Why Dogs Lick Their Asses

Copeland estimates that kosher laws add about 20 to 30 percent to the cost of production. That might sound bad for business. In fact, the owners of Manischewitz told me that kosher law could be the best thing they have going for them.

Alain Bankier, co-president of Manischewitz, said that the capital investment in the company’s state-of-the-art matzo machinery poses a huge barrier to entry for potential competitors.

So rather than being bad for business, all those kosher rules mean Manischwitz won’t have much competition.

Why Matzo Makers Love Regulation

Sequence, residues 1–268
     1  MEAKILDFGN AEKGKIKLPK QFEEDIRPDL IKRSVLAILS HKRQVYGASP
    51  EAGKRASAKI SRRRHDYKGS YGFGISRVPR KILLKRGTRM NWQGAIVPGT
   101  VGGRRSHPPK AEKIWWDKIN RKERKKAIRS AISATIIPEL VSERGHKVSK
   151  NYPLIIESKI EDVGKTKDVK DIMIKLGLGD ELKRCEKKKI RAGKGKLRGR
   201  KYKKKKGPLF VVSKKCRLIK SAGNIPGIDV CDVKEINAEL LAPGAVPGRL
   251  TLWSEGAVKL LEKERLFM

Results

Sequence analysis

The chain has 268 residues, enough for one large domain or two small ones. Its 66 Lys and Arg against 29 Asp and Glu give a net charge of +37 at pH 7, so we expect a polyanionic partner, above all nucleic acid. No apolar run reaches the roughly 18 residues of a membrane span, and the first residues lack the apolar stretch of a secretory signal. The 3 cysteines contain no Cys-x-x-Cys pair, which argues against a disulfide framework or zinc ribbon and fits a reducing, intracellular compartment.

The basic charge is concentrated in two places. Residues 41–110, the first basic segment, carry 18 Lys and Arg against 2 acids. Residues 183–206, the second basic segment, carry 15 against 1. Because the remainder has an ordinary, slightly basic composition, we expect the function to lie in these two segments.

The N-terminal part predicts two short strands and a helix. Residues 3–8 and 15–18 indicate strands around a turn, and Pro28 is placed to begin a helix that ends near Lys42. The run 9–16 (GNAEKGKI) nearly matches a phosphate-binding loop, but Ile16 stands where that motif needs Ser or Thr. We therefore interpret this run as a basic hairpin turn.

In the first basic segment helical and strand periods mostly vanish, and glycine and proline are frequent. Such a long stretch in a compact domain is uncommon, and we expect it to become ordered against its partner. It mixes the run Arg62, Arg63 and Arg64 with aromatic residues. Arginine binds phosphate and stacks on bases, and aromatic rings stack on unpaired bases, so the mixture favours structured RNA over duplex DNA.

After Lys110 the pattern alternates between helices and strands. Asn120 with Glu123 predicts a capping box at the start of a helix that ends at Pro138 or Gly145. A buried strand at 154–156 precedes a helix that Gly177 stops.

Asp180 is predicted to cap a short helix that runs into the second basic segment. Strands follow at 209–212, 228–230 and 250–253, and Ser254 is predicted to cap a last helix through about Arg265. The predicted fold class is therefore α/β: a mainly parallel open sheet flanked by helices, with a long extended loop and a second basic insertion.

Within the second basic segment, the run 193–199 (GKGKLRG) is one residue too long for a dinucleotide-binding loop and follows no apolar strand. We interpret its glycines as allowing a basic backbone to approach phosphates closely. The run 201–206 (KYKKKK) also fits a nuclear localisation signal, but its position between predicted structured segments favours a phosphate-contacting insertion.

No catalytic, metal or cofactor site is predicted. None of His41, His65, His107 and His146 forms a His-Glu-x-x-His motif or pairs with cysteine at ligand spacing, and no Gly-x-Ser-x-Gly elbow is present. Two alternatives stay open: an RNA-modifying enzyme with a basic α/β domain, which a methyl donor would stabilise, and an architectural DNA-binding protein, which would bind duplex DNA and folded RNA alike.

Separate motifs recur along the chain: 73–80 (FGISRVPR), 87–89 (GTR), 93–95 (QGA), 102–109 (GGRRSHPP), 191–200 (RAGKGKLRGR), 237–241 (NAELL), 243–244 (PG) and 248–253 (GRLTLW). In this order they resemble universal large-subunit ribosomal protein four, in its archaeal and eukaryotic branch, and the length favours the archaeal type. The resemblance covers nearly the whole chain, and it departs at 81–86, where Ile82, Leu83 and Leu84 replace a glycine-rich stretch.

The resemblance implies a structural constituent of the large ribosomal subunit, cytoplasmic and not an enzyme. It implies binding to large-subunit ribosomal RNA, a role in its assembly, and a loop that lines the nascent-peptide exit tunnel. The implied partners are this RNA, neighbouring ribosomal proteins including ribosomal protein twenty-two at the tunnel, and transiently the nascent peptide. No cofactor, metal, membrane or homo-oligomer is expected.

Those crafty matzo makers might be onto something!  When news of this gets around, all kinds of businesses will probably start lobbying congress to write regulations that create barriers to entry for potential competitors.  Ah, NPR.  It’s like they found a heretofore unknown tribe of people in the Amazon that had just discovered fire, and then wrote a story about it, as if the discovery of fire was the news.

The Drive-By Media

I caught this interview the other day on NPR, and this particular question by interviewer Melissa Block jumped out at me (from the transcript):

BLOCK: I wonder, Governor Barbour, if this oil gusher is testing your political philosophy in any way. You and many of your fellow Republicans champion smaller government, less regulation, more freedom for industry. Do you think maybe there is a role looking at what’s happened in the Gulf for robust intervention for regulation?